Being a Good Student Back to School Inquiry Unit
Hey, y'all. Have you noticed your students needing a little extra support on being an active participant in their education? I know my students do.
To combat this in a productive and supportive way, we're going to be exploring what it means to be a good student through the inquiry process. This is a great unit to use during the back to school season as an introduction to inquiry-based learning and for setting expectations.
We start off by discussing what we already know about how to be a student. Students brainstorm their questions and think about their goals for the year. Questions could be, "What makes a student a 'good' student?" or, "How can I become a better student?
We define what we mean by being a "good" student. It's not just about compliance (although that certainly is helpful). It's about being attentive, focused, and kind. It's about caring for others, being a leader, and participating in your own education. Students know these things, but they also need it spelled out for them. Not all of them, but many.
We illustrate what being a good student looks like in different settings. Yes, that page says "At home." Students tend to think that their learning stops when they go home, but a good night's sleep, healthy eating habits, and getting exercise are all part of becoming a good student.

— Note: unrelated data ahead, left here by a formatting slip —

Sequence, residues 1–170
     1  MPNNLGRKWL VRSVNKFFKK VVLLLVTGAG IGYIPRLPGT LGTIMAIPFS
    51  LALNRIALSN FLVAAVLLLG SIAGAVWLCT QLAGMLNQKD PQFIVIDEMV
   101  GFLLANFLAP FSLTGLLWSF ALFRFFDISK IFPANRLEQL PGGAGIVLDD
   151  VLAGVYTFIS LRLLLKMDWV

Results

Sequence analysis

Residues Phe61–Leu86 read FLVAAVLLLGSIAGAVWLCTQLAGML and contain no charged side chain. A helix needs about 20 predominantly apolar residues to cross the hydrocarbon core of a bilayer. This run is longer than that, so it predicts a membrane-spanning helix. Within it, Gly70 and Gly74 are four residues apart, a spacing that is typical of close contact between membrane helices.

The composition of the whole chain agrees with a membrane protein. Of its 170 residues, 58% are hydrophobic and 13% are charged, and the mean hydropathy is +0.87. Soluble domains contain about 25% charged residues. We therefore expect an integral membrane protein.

At the beginning of the year especially, we read a TON of books about what it means to be a good student as we're setting our expectations for the year. Comparing what the characters do to become better students to what we can do helps solidify these behaviors in students' minds.
Then, we take all these behaviors we've talked about and put them into our ideal learner profile. We talk about what qualities a good student should possess (and there are male and female versions included) and set our own goals for ourselves for the school year.
At the end of the unit, we reflect on what we've learned, what we want to accomplish, and how we need to behave in order to meet those goals. The best part is that these pages can be added to students' data binders in order to keep the expectations high and the behavior going in the right direction.
You can find this unit in my Teachers Pay Teachers store here. I'm always adding new resources, so be sure to follow my store so you stay up to date.
I hope you found some ideas you can use in your classroom soon. Have a great week and I'll talk to you soon.